Room 208

Elaborate Burn

Posts from #phonology

thefutureghost writes:

I have a question about Japanese. Why are some vowels just like not pronounced? Like, “ichi” is spelled like that, but I don’t think I’ve ever heard that second “i” pronounced. Or like “Yusuke” which sounds like “Yoos-kay”, where the second “u” isn’t pronounced. Or “Asuka”.

Are they just like really short vowels (vowel length) and technically are pronounced but my English-speaking ears don’t hear it?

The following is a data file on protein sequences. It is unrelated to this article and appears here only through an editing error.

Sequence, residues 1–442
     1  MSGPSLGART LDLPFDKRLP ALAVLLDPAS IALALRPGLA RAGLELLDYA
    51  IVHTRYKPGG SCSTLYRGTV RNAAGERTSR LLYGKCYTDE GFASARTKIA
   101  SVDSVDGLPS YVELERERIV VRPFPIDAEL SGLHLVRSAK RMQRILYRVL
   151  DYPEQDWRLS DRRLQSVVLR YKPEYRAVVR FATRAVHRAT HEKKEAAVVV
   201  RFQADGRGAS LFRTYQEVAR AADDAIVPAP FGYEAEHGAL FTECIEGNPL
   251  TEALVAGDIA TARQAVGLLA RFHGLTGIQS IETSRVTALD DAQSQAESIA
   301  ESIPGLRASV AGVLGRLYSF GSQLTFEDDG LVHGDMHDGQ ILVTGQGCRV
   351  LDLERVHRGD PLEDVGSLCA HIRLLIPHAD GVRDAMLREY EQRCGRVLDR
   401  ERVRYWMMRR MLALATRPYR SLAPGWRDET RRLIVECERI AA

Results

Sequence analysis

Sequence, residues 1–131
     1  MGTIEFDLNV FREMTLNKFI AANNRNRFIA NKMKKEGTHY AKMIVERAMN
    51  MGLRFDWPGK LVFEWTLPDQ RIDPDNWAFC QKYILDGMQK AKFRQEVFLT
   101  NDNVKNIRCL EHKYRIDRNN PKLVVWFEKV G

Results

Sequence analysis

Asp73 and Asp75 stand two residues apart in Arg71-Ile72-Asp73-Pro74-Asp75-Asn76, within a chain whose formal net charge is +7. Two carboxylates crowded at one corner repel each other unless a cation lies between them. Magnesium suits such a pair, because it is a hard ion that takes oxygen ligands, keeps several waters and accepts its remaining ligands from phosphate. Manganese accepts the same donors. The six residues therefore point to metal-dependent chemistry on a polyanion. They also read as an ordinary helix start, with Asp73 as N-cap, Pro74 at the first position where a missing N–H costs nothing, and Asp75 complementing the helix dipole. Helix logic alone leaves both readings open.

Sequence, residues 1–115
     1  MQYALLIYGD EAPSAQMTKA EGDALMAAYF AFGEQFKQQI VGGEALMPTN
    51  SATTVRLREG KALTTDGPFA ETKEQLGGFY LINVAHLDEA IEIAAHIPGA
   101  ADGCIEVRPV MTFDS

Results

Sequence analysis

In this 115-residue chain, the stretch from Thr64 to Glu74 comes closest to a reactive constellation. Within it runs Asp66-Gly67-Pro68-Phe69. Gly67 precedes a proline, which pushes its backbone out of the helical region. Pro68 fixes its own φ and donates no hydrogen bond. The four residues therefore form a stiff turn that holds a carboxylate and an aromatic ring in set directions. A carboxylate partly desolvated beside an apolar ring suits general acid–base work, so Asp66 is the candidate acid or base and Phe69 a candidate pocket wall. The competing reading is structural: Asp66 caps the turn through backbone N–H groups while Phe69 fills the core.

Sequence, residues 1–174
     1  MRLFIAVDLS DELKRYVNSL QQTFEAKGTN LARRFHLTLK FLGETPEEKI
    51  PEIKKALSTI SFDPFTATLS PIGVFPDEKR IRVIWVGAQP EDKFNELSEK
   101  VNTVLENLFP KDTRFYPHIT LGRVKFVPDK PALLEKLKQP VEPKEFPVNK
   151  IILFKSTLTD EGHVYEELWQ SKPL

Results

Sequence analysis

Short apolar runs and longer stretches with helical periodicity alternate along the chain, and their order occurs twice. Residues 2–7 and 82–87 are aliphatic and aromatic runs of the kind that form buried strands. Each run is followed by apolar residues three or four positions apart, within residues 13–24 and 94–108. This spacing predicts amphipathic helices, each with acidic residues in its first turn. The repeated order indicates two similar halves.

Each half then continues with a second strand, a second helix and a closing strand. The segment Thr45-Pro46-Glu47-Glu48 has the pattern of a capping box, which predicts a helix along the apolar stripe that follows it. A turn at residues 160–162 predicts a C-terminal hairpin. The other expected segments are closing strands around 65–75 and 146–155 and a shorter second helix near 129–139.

The “traditional” analysis (see, e.g., T.J. Vance, An Introduction to Japanese Phonology, 1987), is that high vowels are devoiced or elided entirely between two voiceless consonants (/p/ /t(s)/ /ch/ /s(h)/ /k/ /h/), or word-finally after affricates and fricatives (/s/ /sh/ /ch/). The apparent motivation for this would be assimilation to the vowel’s surrounding environment – it’s “easier” in some sense to pronounce three voiceless segments in a row than a “voiceless, voiced, voiceless” sequence. There are some differences on the particular phonological feature involved (maybe it’s [spread glottis] instead?), and at least one study argues that this is a probabilistic occurrence rather than a hard-and-fast rule, affected by external circumstances – but that information is likely only of interest if you’re a phonologist.